Major costly reforms to the aged care system are underway and there is a need to ensure taxpayer monies are well spent and not subject to petty politics. We believe the establishment of an independent expert body can achieve this. The body would assess the fairest and most efficient way to fund the many reforms that will roll out over coming years.

Future generations
While there is, as always, a big focus on what government can do for you, we are conscious many of you want to know what you can do for others.

That’s why we continue to advocate for clean energy bonds to give older Australians a way to invest safely in the solutions required to meet our emissions targets. Interestingly, this policy aligns with the Treasurer’s recent calls for greater investment in social and environmental projects, so we hope this might get some attention. 

Lastly, pension gifting limits should be lifted to encourage more seniors to help younger people meet housing and education costs. 

To find out more details about these policies, download our full budget submission here

Government states New Bill Increases Aged Care Transparency

March 22, 2023
The Federal Government has today introduced key legislation to further drive transparency and accountability across the aged care sector.

Once passed, the Inspector-General of Aged Care Bill will establish an independent body with coercive information gathering powers to review the Commonwealth’s administration and regulation of the aged care system.

The bill will give the Inspector-General the necessary powers to investigate systemic issues across the aged care system, including complaints management processes.

The Inspector-General will report findings and recommendations to Government, to Parliament, and to the public, to facilitate positive change for older Australians.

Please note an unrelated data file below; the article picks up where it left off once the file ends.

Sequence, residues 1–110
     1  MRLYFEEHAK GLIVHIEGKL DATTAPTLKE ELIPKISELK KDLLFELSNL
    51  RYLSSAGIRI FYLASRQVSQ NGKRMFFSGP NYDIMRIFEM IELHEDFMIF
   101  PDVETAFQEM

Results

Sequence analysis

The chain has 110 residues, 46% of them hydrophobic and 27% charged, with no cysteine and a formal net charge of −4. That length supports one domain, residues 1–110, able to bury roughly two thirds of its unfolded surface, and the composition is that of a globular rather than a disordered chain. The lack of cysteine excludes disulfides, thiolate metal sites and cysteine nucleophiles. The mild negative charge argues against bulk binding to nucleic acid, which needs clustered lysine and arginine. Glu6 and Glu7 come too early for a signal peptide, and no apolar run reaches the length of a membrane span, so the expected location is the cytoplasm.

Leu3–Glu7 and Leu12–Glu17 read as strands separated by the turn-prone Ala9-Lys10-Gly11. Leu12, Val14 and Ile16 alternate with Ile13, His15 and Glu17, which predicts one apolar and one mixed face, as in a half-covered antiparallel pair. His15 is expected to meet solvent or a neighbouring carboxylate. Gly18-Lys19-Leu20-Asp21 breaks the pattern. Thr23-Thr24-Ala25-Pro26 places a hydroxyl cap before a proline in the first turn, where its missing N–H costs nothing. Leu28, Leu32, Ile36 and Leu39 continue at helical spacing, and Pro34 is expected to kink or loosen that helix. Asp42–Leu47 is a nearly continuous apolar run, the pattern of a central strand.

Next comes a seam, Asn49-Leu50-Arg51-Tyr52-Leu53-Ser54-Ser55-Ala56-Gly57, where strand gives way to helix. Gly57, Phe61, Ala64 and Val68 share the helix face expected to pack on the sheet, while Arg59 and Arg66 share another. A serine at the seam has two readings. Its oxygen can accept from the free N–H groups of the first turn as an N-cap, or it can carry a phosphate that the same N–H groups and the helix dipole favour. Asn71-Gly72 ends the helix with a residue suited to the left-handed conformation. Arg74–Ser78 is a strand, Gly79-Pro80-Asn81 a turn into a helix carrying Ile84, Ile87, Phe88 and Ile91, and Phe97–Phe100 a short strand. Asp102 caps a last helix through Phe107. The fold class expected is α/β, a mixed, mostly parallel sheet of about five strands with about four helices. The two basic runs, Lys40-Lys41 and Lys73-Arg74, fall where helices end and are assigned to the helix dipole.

The Inspector-General will also have powers to report on the Government’s implementation of the Royal Commission into Aged Care Quality and Safety’s recommendations.

Importantly, the Inspector-General will operate autonomously, at arm’s length from the Australian Government.

Ian Yates AM will continue as interim Inspector-General pending legislation passage and the appointment of a permanent Inspector-General is expected in the second half of this year.

Minister for Aged Care, Anika Wells stated;

“The Albanese Government is ambitious for aged care and demands accountability and transparency from the sector.

“The Inspector-General of Aged Care Bill will establish an independent Inspector-General of Aged Care, who will monitor and investigate the Commonwealth’s administration and regulation of the aged care system.

“This Bill reinforces the Albanese Government’s commitment to hold ourselves to the same high standards that we expect of the sector.”

Older Australians’ health put at risk by lack of government action on dental care